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View from the South of (left to right): the Site of the Tannery, Collatons and Grattons just outside Bow

It is unclear when and where the tanning business started in Bow, but it was to become the most important industry in the village.

One of the earliest recorded Bow tanners was William Zeager, a church warden, whose children Mary and William were baptised in Bow Church in 1704 and 1706. A Robert Crispin was his apprentice in 1730.

There is a bit more information about Samuel Down. He married Thomazin Packer in Lapford in 1743 and is recorded as being a tanner in Bow, having as apprentices Robert Northcott, Simon Pope in 1767, George Packer in 1771, Samuel Bowden in 1772 and John Moore at the time of Down’s death in Bow in 1782. In 1779 George Packer (born Lapford 1759) married Samuel Down’s daughter Elizabeth (who was probably George's cousin) and later took over the running of the tannery.

George Packer’s son William (1784 - 1856) later joined him in the business, and took over after his father’s death in 1834. William Packer left £400 in his will to provide a water supply to Bow Village.


Samuel Wreford was born in Zeal Monachorum 1783, son of Samuel and Mary (nee Sweet). (The Sweet family was also involved in the tannery business in North Tawton and elsewhere.) Samuel Wreford Junior set up as a tanner in Bow after his marriage in 1804. A successful businessman, he built Grattons, where he later operated a small but successful horse stud.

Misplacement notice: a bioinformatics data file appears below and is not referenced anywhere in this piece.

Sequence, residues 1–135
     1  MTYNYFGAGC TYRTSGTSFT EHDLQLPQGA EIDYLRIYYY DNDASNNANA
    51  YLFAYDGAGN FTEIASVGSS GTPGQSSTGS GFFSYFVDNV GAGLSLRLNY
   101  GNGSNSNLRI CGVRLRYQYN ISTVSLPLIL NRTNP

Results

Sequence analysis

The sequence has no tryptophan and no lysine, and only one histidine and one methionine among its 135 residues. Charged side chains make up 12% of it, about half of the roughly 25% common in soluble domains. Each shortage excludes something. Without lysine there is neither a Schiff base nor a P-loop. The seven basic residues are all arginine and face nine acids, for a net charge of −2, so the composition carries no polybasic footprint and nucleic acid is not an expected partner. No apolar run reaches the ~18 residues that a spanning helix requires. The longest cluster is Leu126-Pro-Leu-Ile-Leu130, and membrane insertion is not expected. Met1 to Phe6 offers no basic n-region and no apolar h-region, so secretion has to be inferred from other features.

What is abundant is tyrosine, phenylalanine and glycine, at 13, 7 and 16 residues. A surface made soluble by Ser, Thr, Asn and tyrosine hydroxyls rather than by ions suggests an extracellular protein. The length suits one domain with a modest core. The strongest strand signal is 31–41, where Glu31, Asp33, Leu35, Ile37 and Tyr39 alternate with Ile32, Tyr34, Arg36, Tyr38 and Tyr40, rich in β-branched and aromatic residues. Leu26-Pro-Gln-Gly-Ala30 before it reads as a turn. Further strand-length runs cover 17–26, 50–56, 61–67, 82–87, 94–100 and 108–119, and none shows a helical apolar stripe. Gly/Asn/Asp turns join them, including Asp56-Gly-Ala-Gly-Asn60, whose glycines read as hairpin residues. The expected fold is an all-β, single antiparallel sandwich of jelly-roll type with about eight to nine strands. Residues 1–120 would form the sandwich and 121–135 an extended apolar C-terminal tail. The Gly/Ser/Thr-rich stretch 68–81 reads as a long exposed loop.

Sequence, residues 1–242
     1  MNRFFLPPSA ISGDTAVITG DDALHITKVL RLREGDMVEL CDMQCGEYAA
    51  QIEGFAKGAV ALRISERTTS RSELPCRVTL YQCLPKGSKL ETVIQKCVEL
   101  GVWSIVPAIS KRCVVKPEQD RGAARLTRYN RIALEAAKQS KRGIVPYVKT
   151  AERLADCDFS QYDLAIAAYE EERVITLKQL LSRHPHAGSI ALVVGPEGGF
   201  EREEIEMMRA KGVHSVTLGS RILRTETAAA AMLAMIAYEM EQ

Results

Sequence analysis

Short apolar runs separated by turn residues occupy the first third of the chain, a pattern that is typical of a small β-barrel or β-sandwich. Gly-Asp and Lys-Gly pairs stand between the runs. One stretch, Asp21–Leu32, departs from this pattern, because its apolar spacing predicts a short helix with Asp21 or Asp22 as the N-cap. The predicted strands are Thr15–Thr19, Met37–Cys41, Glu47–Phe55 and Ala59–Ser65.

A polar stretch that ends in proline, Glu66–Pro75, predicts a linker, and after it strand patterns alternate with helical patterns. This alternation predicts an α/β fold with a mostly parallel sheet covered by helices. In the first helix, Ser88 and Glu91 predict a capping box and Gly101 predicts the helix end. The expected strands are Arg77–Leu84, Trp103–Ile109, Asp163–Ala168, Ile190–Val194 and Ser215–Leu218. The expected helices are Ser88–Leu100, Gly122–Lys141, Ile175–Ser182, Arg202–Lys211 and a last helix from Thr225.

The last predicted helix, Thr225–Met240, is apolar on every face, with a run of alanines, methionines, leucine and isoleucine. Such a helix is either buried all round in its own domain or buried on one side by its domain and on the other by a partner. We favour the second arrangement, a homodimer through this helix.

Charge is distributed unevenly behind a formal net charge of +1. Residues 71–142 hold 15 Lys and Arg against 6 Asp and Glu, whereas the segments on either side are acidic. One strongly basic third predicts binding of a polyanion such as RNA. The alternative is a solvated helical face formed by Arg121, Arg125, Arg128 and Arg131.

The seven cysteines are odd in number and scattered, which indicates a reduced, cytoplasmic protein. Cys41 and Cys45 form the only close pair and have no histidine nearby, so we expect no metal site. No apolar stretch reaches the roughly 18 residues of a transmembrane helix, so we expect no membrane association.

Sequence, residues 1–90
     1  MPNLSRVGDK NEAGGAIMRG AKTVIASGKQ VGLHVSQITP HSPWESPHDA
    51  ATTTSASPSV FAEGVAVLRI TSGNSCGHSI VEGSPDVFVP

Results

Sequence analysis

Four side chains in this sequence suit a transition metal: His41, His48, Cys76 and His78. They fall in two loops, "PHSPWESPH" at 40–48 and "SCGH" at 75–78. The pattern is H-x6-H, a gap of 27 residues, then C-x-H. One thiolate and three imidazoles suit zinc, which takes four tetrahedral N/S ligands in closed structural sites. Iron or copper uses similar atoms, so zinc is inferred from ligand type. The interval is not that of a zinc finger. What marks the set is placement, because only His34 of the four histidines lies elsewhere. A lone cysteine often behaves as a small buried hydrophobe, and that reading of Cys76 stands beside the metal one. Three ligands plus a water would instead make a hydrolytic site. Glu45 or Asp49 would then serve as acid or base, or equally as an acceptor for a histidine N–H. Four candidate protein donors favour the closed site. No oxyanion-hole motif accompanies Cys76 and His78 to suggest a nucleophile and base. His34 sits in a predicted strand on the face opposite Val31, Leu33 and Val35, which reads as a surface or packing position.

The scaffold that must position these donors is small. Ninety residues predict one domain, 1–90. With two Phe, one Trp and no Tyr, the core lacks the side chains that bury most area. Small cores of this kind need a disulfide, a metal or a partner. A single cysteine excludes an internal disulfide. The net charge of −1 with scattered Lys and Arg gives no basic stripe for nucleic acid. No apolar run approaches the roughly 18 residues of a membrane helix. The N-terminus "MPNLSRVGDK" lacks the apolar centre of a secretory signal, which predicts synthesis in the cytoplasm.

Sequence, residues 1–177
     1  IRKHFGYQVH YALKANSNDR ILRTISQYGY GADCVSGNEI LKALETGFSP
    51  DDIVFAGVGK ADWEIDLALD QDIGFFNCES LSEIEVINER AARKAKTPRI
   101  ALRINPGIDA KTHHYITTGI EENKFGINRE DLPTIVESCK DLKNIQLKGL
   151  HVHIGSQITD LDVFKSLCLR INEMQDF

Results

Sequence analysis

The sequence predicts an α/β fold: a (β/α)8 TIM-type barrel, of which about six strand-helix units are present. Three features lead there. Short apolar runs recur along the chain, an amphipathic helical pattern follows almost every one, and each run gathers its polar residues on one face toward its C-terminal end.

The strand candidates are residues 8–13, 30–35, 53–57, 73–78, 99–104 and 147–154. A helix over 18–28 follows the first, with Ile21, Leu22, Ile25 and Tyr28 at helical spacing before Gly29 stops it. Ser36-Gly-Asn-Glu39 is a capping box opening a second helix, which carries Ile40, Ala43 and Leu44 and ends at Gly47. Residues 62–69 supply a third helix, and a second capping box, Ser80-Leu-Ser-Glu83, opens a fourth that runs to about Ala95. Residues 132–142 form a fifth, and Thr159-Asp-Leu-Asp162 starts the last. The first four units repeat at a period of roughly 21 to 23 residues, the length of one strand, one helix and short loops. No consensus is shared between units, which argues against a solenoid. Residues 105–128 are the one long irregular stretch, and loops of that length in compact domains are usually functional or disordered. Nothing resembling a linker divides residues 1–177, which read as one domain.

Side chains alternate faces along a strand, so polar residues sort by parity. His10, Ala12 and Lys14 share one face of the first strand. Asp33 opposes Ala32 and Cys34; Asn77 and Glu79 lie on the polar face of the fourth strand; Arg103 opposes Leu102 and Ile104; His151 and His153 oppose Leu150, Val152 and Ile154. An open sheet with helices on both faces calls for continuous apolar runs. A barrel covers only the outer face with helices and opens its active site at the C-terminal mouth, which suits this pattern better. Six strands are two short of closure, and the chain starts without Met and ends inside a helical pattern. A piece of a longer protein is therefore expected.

A few years later James Lee Sanders, previously a tanner in St Thomas, Exeter, moved to Bow. He lived in Collatons, which is on the opposite side of the road from Grattons, but right next door to the tannery. Both Grattons and Collatons are shown on an 1816 plan, although neither of them appear on a draft Ordnance Survey map of the village from 1804.

James Lee Sanders was born in Salcombe Regis in 1786. He married Maria Langdon in 1813 and they had four children.

In 1839, there appeared to be two separate tanning operations in Bow: William Packer, and James Lee Sanders and his brother John.

Maria Sanders died at her son-in-law’s house in Exeter in 1844. Ten years later her husband erected a memorial window to her in Bow Church. Their son James (1814-1878) had started off in the tanning trade but then became a merchant “in hide and valonia” in Exeter. Valonia was the name given to the cups of acorns of a species of oak, imported by ship from Turkey, and ground up for use in the tanning process. James’s daughter Maria Caroline “Minnie” married William Osmond Ward who later ran a large tannery in Tavistock.

Samuel Wreford died a relatively poor man aged 76 in 1859. James Lee Sanders then moved from Collatons to Grattons. He remarried when aged 63 to Mary Bennett (nee Worthy), whose first husband had been Commandant of Ascension Island where he died in 1841. (Their son was later to marry her new husband’s youngest daughter.) Sanders spent the rest of his days at Grattons where he died in 1874.

When Sanders moved out of Collatons, Samuel Price (b 1827) moved in and ran the tannery until his death. Price’s parents farmed at East Worlington. He was married to Priscilla Milford Norrish, from Sandford. Their only daughter, Minnie, was born at Collatons in 1860.